Dr. John, as always a good piece. What I would like to see mentioned (perhaps not specifically here) is that a reduction in processed foods, would automatically cause a reduction in salt intake.

    People are told to red nutrition labels, which is both bothersome and time consuming, nt to mention almost impossible for those with poor eyesight! I gave up doing that years ago, as there are no labels on fresh fruits, vegetables, meat and fish! :-)

  7. Kevin Eakins 25 March 2014 at 10:28 am #

    Hi John,

    This is an excellent commentary. Whenever I’m explaining someone not to be worried about eating too much salt or becoming obsessive about avoiding it, I will refer to this article amongst others as a point of reference. There is now an increasing body of people who are aware of these myths and this is thanks to the work of people like you. Without wishing to sound overly fawning I’d like to take a moment to appreciate what you do. I have made up my mind long ago about the foolishness of restricting salt but this remains just an opinion until someone like you takes the effort to dig out the research. And this in itself requires real expertise to separate the chaff from the wheat (ie: identifying the real science as opposed to the pharma advertising masquerading as evidence based medicine). Serving the truth requires time and energy and money. This blog is a public service. Thank you.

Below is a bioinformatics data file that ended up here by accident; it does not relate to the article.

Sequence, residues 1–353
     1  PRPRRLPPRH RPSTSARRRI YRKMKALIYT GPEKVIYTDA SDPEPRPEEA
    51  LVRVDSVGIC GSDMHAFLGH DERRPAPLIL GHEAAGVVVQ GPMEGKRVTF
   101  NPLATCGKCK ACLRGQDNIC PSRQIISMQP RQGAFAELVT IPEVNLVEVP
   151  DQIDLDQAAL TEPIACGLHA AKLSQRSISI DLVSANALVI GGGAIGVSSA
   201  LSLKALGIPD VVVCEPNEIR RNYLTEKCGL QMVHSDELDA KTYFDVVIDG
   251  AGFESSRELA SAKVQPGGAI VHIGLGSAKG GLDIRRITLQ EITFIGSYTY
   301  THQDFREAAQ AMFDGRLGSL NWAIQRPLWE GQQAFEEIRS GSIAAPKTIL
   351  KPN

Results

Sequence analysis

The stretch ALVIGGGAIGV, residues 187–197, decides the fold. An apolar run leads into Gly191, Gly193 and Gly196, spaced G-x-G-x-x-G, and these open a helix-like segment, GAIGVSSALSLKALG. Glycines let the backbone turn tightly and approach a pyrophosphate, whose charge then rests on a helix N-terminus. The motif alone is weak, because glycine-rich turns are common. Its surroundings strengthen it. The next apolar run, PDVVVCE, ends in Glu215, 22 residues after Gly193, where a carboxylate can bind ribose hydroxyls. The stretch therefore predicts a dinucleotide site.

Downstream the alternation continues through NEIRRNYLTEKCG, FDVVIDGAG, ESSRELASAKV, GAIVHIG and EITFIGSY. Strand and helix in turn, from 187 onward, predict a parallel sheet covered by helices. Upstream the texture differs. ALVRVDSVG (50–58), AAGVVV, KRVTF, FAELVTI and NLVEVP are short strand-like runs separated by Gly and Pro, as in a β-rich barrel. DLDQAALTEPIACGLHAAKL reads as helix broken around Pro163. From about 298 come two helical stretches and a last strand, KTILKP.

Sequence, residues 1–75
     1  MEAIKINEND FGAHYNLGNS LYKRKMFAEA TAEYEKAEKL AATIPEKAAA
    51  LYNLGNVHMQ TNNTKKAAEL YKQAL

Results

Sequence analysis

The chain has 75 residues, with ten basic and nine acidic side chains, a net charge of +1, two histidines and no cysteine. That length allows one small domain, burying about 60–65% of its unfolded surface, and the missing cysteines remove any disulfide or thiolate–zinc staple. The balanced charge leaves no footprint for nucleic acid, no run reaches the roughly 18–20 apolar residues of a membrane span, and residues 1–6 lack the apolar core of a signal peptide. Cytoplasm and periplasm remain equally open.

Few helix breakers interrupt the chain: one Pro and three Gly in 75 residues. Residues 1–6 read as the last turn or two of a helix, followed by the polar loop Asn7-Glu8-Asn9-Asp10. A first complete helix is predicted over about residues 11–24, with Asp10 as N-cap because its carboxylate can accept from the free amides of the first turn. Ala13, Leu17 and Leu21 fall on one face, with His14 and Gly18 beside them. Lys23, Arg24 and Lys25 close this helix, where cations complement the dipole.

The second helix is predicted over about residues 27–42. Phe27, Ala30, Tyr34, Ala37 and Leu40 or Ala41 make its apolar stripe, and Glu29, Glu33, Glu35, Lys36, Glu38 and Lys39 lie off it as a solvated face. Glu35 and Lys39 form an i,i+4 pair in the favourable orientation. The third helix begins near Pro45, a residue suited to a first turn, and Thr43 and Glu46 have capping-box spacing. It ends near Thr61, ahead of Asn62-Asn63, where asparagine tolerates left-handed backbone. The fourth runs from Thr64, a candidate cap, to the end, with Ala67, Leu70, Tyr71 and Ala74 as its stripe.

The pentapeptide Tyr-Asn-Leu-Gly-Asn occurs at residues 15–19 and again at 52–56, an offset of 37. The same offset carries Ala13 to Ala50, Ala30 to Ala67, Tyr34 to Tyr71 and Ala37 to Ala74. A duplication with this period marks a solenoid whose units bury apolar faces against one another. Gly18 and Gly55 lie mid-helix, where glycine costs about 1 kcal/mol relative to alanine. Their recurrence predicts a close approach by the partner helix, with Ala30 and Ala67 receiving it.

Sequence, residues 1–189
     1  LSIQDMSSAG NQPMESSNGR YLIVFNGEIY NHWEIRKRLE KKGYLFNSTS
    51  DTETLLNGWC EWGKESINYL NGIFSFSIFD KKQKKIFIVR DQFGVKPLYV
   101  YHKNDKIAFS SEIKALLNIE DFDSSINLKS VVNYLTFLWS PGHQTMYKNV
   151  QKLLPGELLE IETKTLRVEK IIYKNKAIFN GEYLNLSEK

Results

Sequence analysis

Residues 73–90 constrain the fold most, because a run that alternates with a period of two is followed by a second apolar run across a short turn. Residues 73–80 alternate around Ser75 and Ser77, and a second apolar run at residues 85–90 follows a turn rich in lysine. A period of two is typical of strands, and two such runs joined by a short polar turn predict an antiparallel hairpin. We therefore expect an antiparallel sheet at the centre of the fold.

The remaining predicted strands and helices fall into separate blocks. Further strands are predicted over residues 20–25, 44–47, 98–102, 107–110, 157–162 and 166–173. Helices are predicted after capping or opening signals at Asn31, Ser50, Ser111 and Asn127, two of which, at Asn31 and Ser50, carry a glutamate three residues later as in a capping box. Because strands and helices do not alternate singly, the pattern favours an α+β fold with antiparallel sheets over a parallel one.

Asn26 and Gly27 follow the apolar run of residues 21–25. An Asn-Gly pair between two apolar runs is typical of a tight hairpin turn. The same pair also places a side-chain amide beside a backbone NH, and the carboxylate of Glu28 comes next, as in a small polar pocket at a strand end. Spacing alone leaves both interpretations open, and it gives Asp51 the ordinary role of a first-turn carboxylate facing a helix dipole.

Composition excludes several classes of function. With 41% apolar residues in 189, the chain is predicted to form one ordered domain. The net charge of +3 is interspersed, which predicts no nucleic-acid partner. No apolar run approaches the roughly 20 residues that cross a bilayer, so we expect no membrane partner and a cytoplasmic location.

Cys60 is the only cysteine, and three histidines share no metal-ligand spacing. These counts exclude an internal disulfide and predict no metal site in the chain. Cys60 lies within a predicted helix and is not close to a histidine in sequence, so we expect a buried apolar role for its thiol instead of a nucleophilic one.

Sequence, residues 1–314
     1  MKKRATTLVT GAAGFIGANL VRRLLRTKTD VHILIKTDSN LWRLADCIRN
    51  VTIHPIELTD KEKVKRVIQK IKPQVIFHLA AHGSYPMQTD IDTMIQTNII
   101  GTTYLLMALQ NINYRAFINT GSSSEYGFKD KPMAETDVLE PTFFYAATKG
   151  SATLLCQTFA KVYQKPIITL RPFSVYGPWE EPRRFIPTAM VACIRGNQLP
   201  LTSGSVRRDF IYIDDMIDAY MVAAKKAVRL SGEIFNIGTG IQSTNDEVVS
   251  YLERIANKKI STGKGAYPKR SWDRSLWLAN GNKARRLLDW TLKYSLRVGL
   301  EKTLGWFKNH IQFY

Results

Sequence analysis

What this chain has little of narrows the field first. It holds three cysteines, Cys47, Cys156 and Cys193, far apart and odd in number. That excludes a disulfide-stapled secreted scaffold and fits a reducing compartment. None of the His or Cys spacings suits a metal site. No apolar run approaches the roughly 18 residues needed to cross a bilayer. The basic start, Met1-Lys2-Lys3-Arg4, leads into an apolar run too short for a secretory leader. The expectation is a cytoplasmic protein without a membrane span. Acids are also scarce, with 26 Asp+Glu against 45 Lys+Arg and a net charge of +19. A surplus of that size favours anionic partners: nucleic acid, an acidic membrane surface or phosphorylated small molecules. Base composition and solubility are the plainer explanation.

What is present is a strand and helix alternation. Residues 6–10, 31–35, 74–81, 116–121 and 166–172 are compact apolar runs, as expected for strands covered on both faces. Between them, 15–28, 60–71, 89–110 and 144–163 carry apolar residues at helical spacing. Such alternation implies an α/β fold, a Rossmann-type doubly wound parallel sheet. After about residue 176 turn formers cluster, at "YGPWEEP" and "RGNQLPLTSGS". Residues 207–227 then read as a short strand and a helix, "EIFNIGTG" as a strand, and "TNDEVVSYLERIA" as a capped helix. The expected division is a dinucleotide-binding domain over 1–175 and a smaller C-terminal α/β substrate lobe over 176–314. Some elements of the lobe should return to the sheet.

8. Mark Jan 25 March 2014 at 3:46 pm #

    The problem is of course, that NHS Choices is is taken seriously, at least by those who are less informed, ie by those who do not read blogs such as these. Sadly, that accounts for the vast majority.

    Even worse, it’s accepted wisdom for the vast majority of the medical profession.

  9. Pingo 26 March 2014 at 6:52 am #